This was the scene yesterday at Washoe County's Senior Center in Reno: seniors scrambling to sign up for the Medicare Prescription Drug program, or face a one percent penalty. That penalty will be tacked onto seniors' prescription drug bills when they eventually enroll in the program come November.
Janet Cottrell helped coordinate the registration process. She says the calculations that make up the penalty are pretty easy. "One percent of the national premium average, which is approximately thirty dollars. One percent of that is thirty cents per month, for every month they do not have Medicare prescription drug coverage."
Cottrell says that one percent penalty of thirty cents will be compounded until the registration in November, making it a seven percent penalty. It will follow the senior throughout his or her lifetime and will increase depending upon the National Premium Average.
But an influential group of senators back in Washington has introduced a bill that would eliminate the deadline. On Capitol Hill, senators say it's wrong to penalize seniors at this time because the program is brand-new. Senator Charles Grassley, Finance Committee Chairman, says this is a time of transition.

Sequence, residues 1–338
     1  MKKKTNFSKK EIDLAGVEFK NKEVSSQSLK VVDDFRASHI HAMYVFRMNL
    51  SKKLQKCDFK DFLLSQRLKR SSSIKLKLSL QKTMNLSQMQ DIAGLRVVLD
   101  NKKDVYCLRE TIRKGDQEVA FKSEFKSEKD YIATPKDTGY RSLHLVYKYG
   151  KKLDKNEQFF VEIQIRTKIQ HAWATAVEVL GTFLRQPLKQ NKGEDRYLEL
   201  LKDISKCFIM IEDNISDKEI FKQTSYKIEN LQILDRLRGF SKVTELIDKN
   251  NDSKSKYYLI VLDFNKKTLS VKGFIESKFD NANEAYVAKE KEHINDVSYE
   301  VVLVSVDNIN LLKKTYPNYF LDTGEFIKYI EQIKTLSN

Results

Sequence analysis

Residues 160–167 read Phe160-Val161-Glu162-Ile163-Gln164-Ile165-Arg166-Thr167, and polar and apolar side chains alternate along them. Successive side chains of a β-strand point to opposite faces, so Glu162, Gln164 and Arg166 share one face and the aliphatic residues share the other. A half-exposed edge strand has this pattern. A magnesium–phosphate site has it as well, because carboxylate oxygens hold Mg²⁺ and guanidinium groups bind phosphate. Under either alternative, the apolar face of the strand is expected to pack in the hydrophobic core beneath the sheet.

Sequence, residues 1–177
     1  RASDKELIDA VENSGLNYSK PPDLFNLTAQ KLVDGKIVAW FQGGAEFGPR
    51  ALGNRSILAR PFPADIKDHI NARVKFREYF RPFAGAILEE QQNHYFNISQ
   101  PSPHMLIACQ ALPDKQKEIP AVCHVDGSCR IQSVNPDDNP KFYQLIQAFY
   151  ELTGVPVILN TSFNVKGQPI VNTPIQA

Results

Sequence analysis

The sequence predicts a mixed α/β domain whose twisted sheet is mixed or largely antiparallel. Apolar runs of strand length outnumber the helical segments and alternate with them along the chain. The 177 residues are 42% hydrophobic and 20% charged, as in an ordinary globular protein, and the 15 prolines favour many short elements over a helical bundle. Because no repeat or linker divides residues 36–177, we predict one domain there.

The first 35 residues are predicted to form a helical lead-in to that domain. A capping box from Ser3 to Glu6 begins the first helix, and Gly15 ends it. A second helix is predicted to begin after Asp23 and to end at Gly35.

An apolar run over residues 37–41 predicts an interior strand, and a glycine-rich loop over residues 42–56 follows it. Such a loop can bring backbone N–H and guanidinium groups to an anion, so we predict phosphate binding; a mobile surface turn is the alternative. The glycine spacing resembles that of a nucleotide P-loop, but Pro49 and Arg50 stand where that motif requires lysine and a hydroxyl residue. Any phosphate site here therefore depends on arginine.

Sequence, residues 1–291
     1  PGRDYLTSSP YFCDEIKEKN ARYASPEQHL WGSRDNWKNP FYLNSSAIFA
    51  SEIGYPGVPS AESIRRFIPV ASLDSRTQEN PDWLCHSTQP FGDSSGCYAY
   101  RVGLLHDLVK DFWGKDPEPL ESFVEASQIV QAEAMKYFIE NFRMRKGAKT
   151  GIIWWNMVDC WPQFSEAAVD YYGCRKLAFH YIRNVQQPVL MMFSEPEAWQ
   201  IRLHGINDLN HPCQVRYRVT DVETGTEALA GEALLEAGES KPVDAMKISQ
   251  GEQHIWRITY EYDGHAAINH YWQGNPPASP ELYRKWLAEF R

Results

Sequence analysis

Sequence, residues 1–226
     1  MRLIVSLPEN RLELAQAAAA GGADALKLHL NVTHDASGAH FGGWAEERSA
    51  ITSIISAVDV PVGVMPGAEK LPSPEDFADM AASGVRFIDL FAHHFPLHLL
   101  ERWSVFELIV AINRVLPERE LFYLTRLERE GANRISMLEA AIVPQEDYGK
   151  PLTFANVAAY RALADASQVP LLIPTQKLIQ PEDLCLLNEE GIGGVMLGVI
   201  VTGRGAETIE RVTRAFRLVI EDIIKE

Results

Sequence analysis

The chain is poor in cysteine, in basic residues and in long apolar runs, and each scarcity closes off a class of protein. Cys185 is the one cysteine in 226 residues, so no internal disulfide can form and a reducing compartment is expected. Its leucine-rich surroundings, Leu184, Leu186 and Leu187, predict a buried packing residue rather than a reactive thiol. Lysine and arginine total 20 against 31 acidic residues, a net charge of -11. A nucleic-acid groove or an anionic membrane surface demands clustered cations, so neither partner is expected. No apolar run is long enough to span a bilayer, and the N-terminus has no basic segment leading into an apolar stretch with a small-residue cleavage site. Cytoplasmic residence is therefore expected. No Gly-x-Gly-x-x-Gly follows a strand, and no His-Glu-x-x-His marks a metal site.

"When you get into the future and individuals reach 65, one at a time they are going to consider this an individual decision they have to make. They aren't a group of 40 million seniors."
"I believe its time to cut the seniors a little bit of slack," said Democratic Senator Max Baucus from Montana. Republican Senator from Ohio Mike Dewine says there's a good chance this legislation will go through. "It's the right thing to do, it's the correct thing to do, and we will be doing it with this legislation which I would anticipate will move very quickly."